of all people/places/things
of all people
Being the most or least expected person compared to anyone else. Really, Jeff, you of all people should know that it is never OK to get behind the wheel after drinking. And then Tom Hanks, of all people, stopped by to take pictures with our wedding party in the park.
of all places
Being the least expected place compared to anywhere else. My parents are taking us to Louisiana, of all places. What the heck is there to do in Louisiana?
of all things
Of all the possibilities (this is the most surprising or unlikely). When he retired, he took up painting, of all things. He had never even picked up a paintbrush before that! After spending his childhood in and out of detention centers, he became, of all things, a cop.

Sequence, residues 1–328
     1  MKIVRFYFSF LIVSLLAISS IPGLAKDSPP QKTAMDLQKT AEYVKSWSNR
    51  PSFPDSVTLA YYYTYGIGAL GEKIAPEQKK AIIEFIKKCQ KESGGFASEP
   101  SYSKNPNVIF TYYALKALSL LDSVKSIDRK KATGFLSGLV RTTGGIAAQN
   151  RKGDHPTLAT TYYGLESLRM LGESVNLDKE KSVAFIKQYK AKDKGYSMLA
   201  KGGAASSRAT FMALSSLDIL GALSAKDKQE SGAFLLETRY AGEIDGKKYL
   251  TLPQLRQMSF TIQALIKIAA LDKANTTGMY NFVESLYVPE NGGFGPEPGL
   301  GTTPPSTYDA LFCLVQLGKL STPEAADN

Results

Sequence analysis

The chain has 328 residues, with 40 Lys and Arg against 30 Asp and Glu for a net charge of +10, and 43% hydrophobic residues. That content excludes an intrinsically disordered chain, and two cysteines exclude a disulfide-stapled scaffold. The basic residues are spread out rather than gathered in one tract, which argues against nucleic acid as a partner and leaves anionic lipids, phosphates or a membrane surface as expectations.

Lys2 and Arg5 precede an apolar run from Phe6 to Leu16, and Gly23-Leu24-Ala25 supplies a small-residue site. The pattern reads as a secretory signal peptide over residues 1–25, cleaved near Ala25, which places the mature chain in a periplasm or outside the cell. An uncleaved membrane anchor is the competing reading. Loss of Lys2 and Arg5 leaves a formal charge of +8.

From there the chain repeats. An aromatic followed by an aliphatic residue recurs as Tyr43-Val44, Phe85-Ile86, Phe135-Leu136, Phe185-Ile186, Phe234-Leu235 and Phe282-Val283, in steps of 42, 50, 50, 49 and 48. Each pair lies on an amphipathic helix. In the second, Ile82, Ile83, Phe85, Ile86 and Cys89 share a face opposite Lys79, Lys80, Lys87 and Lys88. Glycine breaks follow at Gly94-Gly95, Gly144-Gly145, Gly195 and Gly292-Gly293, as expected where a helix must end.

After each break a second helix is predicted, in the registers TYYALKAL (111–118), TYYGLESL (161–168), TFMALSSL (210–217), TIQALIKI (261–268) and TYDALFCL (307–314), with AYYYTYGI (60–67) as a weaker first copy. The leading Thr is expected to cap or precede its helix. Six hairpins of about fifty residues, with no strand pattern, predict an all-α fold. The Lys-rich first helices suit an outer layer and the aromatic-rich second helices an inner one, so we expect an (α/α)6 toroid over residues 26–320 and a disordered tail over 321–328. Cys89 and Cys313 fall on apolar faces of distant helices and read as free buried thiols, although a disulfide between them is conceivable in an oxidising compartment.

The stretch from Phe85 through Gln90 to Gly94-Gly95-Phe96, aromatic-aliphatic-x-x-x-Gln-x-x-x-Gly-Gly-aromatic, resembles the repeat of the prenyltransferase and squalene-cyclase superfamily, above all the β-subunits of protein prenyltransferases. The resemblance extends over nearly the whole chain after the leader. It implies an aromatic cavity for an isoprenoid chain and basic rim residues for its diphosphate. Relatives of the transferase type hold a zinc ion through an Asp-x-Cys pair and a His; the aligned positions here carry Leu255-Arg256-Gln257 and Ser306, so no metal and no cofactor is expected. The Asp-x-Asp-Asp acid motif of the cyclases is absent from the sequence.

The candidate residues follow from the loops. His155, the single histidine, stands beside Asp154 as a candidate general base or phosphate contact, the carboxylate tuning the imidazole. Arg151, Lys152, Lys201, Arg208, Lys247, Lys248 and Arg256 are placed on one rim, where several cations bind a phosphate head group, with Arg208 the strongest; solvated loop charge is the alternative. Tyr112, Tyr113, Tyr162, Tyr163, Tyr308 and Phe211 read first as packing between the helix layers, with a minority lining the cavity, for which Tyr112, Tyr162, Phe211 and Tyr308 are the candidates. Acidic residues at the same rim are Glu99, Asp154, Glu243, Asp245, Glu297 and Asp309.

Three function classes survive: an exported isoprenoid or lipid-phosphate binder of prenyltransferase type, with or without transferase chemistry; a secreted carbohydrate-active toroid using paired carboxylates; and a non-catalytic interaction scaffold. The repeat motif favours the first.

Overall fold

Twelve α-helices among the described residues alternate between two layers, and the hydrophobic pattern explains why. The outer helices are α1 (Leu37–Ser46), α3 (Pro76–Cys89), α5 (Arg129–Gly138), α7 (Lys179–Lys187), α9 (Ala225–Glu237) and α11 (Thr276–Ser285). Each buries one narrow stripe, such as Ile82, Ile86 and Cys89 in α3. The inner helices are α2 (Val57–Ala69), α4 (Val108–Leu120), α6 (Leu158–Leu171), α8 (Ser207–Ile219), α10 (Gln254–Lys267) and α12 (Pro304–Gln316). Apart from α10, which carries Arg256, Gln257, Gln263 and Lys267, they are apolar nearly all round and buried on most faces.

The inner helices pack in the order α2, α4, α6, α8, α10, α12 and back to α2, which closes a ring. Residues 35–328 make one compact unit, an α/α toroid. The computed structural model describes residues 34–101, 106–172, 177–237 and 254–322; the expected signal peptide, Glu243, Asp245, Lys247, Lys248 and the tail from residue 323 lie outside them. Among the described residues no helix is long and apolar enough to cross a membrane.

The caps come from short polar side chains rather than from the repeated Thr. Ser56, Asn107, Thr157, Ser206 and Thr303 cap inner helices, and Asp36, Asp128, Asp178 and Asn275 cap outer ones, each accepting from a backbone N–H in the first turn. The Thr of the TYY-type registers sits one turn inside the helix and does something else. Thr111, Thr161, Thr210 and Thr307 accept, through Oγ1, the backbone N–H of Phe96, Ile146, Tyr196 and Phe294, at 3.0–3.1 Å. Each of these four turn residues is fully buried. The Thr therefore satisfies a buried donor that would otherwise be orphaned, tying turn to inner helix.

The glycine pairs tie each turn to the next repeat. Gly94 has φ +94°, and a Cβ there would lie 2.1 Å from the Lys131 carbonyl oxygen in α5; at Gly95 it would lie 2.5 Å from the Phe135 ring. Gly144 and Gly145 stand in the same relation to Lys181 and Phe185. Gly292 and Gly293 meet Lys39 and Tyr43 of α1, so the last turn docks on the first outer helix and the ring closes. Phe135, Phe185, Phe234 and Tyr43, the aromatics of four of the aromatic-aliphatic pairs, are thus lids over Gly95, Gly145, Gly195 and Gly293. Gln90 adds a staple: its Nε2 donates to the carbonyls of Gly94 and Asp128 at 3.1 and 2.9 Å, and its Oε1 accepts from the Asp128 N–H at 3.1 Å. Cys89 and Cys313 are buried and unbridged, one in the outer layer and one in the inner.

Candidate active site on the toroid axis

Farlex Dictionary of Idioms. © 2015 Farlex, Inc, all rights reserved.
of all things
From all the possibilities, as in I said I'd help in any way I can, and of all things they want me to handle publicity. This term, generally expressing surprise, was first recorded in 1925.
The American Heritage® Dictionary of Idioms by Christine Ammer. Copyright © 2003, 1997 by The Christine Ammer 1992 Trust. Published by Houghton Mifflin Harcourt Publishing Company. All rights reserved.
of ˈall people/places/thingsused to emphasize that the person/place/thing is the most or least likely in the circumstances: You of all people should be sympathetic, having just had a similar accident yourself. ♢ If it’s a rest they need, then why go to New York of all places?
Farlex Partner Idioms Dictionary © Farlex 2017